malloc, calloc, and realloc are functions used for memory allocation in C/C++ languages. There are some fundamental differences on how the above functions work.
First of all realloc() is actually a reallocation function. It is used to resize a previously allocated (using malloc(), calloc(), or realloc()) block of memory to the desired size. Depending on whether the new size if less or more than the original size the block may be moved to new location.
Usage and example of realloc()
Function Prototype for realloc():
void *realloc(void *pointer, size_t size);
malloc() vs calloc()
There two basic difference between malloc() and calloc() functions:
1. malloc() allocates memory in bytes. So the programmer specifies how many bytes of memory malloc should allocate and malloc will allocate that many bytes (if possible) and return the address of the newly allocated chunk of memory.
Function prototype for malloc():
void *malloc(size_t size); //size is the number of bytes to allocate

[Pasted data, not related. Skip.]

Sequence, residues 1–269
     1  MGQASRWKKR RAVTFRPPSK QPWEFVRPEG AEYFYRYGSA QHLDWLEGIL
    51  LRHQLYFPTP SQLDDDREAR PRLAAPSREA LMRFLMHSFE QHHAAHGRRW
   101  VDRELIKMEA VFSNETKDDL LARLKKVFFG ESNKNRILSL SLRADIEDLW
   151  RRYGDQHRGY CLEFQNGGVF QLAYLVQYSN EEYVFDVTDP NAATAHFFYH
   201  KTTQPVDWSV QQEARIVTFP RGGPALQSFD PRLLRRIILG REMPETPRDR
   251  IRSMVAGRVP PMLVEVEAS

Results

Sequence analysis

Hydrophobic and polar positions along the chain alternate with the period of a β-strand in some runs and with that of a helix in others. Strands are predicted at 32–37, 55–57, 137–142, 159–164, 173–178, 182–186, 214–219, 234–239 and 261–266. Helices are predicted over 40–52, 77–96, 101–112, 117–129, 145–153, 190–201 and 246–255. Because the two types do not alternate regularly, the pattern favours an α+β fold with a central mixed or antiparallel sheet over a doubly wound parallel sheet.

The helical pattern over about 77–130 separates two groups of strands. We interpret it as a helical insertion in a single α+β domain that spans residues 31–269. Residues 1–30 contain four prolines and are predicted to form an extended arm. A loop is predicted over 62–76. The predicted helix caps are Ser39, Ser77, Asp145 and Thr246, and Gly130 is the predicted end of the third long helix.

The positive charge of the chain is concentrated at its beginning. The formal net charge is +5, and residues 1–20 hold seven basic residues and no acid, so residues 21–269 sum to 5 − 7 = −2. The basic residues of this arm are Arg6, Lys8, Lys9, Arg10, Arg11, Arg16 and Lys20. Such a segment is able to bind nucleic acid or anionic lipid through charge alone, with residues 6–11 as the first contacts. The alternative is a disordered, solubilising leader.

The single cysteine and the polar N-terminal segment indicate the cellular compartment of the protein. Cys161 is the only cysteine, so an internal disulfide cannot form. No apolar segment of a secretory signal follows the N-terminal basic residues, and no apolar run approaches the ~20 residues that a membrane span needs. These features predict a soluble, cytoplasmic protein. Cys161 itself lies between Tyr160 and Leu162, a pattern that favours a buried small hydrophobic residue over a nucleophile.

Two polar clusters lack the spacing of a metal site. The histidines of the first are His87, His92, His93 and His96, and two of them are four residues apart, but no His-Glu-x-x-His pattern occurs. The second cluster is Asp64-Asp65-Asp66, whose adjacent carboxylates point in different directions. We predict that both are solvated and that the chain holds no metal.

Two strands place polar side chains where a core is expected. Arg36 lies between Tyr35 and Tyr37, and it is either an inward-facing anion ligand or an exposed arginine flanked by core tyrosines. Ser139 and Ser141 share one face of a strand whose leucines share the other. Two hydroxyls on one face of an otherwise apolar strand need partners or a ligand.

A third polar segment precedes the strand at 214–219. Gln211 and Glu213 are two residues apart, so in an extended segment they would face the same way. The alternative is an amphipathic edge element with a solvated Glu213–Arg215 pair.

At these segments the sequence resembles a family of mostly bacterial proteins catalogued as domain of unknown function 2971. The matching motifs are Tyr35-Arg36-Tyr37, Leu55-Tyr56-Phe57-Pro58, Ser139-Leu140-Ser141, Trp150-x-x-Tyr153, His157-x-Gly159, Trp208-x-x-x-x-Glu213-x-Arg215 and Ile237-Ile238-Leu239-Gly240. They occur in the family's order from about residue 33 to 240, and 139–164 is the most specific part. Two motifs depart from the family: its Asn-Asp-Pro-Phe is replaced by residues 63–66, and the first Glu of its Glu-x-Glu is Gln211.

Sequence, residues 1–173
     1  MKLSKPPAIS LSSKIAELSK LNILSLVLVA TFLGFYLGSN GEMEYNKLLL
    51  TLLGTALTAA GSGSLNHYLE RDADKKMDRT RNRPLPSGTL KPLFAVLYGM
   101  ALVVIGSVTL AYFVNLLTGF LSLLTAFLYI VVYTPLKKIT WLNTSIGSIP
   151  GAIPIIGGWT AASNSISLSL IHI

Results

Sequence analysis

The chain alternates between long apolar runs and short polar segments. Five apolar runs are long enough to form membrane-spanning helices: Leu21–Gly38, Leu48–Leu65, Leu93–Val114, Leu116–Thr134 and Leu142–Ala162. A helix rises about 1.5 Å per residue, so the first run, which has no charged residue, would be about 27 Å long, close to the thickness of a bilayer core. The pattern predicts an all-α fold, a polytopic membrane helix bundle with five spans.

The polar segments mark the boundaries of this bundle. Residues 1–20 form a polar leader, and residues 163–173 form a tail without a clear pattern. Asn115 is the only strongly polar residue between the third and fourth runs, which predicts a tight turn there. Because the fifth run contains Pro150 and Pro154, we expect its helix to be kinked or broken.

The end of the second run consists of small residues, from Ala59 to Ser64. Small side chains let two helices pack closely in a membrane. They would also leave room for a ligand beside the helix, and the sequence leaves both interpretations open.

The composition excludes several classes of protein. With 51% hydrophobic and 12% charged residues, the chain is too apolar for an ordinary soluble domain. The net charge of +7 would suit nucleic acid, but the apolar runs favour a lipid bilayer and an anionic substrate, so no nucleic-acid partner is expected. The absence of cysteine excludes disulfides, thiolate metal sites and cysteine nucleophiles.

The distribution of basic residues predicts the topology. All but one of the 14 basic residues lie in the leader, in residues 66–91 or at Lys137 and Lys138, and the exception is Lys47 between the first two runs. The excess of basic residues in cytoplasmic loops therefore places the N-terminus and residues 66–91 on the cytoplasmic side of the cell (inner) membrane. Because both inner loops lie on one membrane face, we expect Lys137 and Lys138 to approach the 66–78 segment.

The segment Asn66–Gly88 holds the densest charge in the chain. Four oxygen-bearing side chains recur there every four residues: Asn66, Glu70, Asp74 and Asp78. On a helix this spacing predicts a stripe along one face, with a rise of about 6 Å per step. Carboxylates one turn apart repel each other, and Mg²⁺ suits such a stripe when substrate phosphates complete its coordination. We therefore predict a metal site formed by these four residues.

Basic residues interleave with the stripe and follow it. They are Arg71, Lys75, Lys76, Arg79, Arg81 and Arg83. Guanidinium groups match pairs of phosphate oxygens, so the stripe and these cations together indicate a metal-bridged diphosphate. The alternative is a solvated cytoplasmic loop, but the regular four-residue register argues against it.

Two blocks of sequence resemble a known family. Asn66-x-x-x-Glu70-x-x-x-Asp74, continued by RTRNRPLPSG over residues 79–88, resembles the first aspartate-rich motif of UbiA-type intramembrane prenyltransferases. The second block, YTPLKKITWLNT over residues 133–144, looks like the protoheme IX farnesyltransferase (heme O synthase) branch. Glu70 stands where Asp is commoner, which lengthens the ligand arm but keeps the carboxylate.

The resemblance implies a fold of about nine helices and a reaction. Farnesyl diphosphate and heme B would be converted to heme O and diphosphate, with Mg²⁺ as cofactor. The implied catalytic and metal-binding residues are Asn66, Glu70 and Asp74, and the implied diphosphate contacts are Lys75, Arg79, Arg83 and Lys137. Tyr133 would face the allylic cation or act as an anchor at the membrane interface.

On the other hand calloc() allocates a chunk of memory specified by a block/element size and the number of blocks/elements.
Function prototype for calloc():
void *calloc(size_t nelements, size_t elementSize);2. malloc() does not initialize memory after it allocates it. It just returns the pointer back to the calling code and the calling code is responsible for initialization or resetting of the memory, most probably by using the memset() function. On the other hand calloc() initializes the allocated memory to 0. calloc() is obviously slower than malloc() since it has the overhead of initialization, so it may not be the best way to allocate memory if you don't care about initializing the allocated memory to 0.
Side note: Don't forget to free your allocated memory when you are done with it using the free() function.